Tuesday, June 14, 2011

Setting vs Rules


Thinking about the last post, I'm wondering if folks have a preference for which rules support different styles of play better or worse?  Standard versions of D&D do fine in the High Fantasy and Swords & Sorcery space.  D&D and the clones are fairly high powered and need some surgery to work in the low magic space - those green 2E historical books always had a healthy chunk of things to cut out to make the game more grounded.

Regarding the new games, DCC RPG looks to live in that Swords & Sorcery place, with the wizard pacts and moral ambiguities that come across in the rules.  I can't see Gandalf slashing his arm to spill blood to Blodbu…  - whatever the frog god thingie is in DCC -  to empower one of his spells, despite how awesome it would be.  (Although as an angelic Maiar, maybe his patron would be a being of light - what do I know?)

LOTFP goes after the low magic style, with grittier combat and toned down spell lists.  Note that both games ditch the 9 point alignment scale to work with Alignment as Allegiance and not Alignment as Ethics, further getting away from the good vs evil vibe of standard D&D.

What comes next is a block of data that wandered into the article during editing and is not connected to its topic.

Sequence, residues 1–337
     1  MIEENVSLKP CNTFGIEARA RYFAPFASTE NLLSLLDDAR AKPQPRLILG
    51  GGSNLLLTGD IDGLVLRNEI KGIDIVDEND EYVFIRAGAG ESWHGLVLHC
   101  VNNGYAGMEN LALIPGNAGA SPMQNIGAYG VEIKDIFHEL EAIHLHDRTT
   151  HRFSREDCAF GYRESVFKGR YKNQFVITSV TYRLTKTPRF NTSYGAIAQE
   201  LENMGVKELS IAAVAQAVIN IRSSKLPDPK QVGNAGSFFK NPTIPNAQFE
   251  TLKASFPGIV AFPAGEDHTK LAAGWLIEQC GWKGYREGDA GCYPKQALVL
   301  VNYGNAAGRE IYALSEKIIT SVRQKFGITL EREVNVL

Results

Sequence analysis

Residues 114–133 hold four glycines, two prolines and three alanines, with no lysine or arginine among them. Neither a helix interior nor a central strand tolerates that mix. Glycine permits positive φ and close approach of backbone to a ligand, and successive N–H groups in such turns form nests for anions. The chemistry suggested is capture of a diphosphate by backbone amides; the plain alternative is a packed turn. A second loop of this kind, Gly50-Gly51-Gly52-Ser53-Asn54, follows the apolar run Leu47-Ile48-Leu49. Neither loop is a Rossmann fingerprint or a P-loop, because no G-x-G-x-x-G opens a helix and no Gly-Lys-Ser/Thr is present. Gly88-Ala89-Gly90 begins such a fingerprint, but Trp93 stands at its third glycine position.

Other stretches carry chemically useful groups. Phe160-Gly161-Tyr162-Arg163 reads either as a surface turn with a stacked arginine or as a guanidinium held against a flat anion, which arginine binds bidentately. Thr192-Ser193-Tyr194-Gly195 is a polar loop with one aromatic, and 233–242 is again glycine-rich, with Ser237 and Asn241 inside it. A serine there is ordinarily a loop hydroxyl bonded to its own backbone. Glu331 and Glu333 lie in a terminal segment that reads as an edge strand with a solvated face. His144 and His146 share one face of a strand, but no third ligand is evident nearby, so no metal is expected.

As a DM, I choose low magic more often because I can model more elements from the real world (ie, general DM laziness) without needing to project the massive changes to society that would come about due to Raise Dead, common magical healing, Plant Growth for mega crops, Continual Light, and all the other reality-bending things we can't even predict.

Players, on the other hand, want Swords & Sorcery.  They'd prefer loose alignments (if any) to maximize freedom of choice, tons of race and class options, and more powerful options all around.  Just generalizing, mind you - your players might be different.

Just an aside - does anyone know of a setting or treatise that take magic to it's logical conclusions in a D&D setting?    The closest ones I can think of were in the Known World Gazetteers - Glantri and the Empire of Alphatia.  Both were ruled by wizards, had magical construction on a wide scale, flying ships, changes to agriculture and the social structures due to magic, etc.  But the Known World (Mystara) also postulated meddlesome gods (immortals) that kept the world in line and reacted if any group got too powerful.  I never read Eberon, but I I know it featured quite a bit of magic-as-technology.